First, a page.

Monday, May 04, 2015

US Energy Independence in Sight?

  • The data analysis arm of the US Department of Energy is forecasting that despite low oil prices, the US will become energy independent within a decade. 
  • That result depends on frugality as much as resource abundance, and it includes substantial volumes of energy trade with the rest of the world.
The US Energy Information Administration's latest Annual Energy Outlook features the key finding that the US is on track to reduce its net energy imports to essentially zero by 2030, if not sooner. That might seem surprising, in light of the recent collapse of oil prices and the resulting significant slowdown in drilling. EIA has covered that base, as well, in a side-case in which oil prices remain under $80 per barrel through 2040, and net imports bottom out at around 5% of total energy demand. Either way, this is as close to true US energy independence as I ever expected to see.

It wasn't that many years ago that such an outcome seemed ludicrously unattainable. I recall patiently explaining to various audiences that we simply couldn't drill our way to energy independence. The forecast of self-sufficiency that EIA has assembled depends on a lot more than just drilling, but without the development of previously inaccessible oil and gas resources through advanced drilling technology and hydraulic fracturing, a.k.a. "fracking", it couldn't be made at all. The growing contributions of various renewables are still dwarfed by oil and natural gas, for now.

Every forecast depends on assumptions, and it's important to understand what would be necessary in order for conditions to turn out as the EIA now expects in its "reference case", or main scenario. This includes a gradual but pronounced oil-price recovery, to average just over $70/bbl next year, $80 within five years, and back to around $100 by the end of the 2020s. That helps support a resumption of oil production growth next year, followed by a plateau just above 10 million bbl/day--surpassing 1971's peak output--for the next decade and a gradual decline thereafter. EIA also expects natural gas prices to head back towards $5 per million BTUs by the end of this decade, in tandem with a further 34% expansion of US gas production by 2040.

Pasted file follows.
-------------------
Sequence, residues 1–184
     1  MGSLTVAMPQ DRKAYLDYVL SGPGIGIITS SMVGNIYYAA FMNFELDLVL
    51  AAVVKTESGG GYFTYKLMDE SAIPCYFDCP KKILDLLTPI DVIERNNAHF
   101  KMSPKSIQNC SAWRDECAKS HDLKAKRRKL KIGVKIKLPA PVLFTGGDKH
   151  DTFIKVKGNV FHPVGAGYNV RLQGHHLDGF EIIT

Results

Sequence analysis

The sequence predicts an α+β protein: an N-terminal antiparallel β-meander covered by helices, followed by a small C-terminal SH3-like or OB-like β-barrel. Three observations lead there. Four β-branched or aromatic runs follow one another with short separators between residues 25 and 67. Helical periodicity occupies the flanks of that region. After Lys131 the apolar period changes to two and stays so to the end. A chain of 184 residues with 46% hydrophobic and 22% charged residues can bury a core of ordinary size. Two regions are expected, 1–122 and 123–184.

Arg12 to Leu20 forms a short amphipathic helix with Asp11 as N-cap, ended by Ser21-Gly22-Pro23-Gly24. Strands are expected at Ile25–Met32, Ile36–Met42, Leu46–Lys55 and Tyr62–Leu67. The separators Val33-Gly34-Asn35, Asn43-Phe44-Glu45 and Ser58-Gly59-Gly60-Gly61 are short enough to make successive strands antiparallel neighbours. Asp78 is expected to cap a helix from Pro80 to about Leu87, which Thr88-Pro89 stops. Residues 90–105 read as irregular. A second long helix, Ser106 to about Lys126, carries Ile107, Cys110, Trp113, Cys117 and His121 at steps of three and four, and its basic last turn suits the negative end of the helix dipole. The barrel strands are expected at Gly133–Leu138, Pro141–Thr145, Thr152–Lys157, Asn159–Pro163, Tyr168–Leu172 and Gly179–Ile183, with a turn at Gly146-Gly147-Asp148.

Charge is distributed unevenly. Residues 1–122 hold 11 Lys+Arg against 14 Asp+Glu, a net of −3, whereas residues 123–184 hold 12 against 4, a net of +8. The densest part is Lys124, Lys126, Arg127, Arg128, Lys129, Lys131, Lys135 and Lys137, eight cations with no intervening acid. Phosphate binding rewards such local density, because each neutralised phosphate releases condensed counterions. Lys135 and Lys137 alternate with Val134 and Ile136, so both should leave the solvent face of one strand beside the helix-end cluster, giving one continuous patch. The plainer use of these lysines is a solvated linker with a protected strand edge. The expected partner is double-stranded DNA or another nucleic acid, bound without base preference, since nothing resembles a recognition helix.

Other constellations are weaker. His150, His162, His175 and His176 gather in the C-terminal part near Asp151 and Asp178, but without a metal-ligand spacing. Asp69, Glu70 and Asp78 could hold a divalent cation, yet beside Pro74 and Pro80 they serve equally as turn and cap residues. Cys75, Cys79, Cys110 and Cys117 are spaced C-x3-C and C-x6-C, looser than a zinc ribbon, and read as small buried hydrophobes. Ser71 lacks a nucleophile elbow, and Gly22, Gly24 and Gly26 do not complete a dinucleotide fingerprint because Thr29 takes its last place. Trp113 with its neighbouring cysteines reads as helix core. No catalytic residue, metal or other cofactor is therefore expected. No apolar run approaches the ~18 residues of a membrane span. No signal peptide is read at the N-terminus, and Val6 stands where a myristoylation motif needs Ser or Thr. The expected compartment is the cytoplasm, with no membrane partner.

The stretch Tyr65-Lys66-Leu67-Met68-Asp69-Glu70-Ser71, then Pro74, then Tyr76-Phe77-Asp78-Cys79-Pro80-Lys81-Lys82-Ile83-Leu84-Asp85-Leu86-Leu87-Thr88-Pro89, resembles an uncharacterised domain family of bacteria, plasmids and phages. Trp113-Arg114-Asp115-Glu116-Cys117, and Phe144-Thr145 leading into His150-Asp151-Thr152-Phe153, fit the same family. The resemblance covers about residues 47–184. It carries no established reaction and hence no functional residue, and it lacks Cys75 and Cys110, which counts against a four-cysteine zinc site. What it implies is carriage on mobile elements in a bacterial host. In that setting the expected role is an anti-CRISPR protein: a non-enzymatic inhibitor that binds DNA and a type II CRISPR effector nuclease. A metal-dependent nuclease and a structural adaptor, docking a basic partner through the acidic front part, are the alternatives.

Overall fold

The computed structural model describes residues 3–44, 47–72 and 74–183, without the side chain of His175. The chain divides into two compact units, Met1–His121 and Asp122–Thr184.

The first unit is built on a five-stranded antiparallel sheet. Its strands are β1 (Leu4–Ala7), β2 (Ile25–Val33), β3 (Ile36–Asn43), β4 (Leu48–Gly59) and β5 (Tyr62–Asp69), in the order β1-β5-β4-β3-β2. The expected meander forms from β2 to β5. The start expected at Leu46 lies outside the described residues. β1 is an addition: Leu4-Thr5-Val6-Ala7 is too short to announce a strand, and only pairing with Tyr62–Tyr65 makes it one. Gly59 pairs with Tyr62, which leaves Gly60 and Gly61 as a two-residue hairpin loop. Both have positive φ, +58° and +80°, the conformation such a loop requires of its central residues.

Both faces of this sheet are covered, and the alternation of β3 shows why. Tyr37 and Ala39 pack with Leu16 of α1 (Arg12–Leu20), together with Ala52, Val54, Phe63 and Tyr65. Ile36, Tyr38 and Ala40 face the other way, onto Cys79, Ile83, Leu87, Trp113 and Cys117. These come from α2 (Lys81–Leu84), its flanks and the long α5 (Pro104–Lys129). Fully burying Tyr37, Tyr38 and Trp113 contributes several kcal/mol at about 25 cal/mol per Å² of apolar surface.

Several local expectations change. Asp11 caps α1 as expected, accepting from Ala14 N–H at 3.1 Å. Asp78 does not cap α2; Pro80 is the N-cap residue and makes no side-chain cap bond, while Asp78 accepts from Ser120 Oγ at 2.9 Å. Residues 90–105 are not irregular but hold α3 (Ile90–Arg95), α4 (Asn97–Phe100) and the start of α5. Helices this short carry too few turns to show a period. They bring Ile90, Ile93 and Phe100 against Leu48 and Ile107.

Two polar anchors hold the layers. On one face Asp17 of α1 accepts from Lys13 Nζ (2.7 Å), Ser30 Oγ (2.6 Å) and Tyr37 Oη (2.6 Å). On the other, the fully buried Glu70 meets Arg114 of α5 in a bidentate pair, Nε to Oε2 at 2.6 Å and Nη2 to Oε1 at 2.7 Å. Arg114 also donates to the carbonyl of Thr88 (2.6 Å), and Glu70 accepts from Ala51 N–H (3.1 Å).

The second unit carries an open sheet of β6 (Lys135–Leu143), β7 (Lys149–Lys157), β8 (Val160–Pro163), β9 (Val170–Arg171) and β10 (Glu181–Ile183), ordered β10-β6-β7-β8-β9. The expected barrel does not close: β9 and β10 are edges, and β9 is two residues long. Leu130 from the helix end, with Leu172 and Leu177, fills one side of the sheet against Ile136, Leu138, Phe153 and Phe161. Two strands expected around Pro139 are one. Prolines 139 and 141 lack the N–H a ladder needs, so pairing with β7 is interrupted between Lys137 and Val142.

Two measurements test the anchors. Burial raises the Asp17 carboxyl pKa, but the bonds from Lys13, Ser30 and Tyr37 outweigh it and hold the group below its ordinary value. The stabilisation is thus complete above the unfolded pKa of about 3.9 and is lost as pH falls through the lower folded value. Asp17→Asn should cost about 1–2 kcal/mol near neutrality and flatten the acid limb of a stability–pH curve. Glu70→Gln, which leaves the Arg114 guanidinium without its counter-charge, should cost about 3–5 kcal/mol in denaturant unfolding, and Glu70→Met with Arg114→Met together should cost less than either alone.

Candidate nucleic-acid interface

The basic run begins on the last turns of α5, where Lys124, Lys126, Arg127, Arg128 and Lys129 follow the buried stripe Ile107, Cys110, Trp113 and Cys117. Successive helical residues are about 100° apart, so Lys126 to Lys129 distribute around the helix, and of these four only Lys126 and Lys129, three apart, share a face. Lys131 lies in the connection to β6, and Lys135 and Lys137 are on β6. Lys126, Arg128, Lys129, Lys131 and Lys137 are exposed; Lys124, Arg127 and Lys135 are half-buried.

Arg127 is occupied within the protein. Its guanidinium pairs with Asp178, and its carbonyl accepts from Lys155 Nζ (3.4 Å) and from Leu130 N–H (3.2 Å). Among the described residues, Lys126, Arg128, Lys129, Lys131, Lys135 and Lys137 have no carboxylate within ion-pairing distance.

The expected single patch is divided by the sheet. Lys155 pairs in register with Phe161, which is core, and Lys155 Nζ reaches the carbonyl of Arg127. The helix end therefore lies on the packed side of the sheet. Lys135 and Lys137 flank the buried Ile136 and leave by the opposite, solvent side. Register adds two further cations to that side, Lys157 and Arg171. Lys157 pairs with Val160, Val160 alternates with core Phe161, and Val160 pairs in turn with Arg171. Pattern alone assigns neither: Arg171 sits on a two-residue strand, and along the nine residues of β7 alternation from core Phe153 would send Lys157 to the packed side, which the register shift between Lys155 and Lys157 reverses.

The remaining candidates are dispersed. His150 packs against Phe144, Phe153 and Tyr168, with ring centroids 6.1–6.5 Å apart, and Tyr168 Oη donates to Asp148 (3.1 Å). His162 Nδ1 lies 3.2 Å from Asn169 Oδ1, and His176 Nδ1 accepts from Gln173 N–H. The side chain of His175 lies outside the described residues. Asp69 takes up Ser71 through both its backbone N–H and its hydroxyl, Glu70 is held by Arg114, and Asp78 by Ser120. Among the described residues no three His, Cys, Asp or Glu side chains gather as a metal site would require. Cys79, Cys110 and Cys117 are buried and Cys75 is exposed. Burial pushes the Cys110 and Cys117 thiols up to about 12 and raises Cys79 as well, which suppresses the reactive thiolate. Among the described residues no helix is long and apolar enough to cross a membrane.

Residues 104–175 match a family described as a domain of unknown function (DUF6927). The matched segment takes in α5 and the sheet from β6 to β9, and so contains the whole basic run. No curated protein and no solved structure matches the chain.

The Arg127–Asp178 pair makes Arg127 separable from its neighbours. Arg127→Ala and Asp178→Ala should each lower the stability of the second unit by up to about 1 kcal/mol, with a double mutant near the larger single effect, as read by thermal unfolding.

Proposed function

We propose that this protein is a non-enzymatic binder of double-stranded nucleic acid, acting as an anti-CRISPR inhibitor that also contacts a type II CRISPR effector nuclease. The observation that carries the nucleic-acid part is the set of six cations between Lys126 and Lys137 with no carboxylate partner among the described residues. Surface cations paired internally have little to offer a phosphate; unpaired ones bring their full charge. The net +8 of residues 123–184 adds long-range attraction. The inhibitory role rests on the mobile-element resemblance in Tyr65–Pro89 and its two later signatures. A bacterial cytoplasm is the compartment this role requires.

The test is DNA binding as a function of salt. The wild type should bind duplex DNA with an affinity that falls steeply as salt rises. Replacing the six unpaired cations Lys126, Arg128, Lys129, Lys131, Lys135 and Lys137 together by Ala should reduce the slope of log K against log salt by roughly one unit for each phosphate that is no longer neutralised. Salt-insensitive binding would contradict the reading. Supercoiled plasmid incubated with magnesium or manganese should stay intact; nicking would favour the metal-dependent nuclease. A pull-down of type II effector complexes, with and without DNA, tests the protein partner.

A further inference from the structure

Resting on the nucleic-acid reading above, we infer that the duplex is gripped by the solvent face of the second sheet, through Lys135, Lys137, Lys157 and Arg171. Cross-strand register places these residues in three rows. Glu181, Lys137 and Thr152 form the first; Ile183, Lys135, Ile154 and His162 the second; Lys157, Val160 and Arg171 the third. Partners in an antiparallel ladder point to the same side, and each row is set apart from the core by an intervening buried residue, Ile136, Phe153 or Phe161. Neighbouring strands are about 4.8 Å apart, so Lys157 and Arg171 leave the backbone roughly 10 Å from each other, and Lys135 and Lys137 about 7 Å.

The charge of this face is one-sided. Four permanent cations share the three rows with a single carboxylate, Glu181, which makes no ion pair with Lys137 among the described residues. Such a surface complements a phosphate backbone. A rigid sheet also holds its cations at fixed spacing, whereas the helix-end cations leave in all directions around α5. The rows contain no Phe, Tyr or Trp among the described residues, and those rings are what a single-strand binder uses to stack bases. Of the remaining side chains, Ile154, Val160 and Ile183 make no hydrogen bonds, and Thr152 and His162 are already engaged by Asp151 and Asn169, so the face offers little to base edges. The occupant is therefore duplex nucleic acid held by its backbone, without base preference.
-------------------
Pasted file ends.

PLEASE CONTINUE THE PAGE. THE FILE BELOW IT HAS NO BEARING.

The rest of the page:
However, attainment of zero net imports also depends on the continuation of some important trends, including energy consumption that grows at a rate well below that of population, and a continued decoupling of energy and GDP growth. This is crucial, because through 2040 EIA assumes the US population will grow by another 20% and GDP by 85%, while total energy consumption increases by just 10%. That has important implications for greenhouse gas emissions, too. Energy-related emissions barely grow at all in this scenario.

Renewable energy output is also expected to continue growing, with US electricity generated from wind surpassing that from hydropower in the late 2030s and solar power in 2040 yielding roughly as many megawatt-hours as wind did in 2008.

Finally, reaching a balance between US energy imports and exports also depends on the continued contribution of nuclear power at roughly current levels. That suggests that new reactors in other locations will replace those that are retired, including for economic reasons.

In last month's rollout presentation at the Center for Strategic & International Studies (CSIS) in Washington, EIA Administrator Sieminski also emphasized what is not included in the Outlook's assumptions, notably the EPA's "Clean Power Plan" that is currently under review.  It would be hard to imagine US coal consumption remaining essentially unchanged at 18% of the total energy mix in 2040, if EPA's plan to reduce emissions from the electricity sector by 30% by 2030 were fully implemented. EIA will apparently issue its analysis of the impact of the Clean Power Plan this month.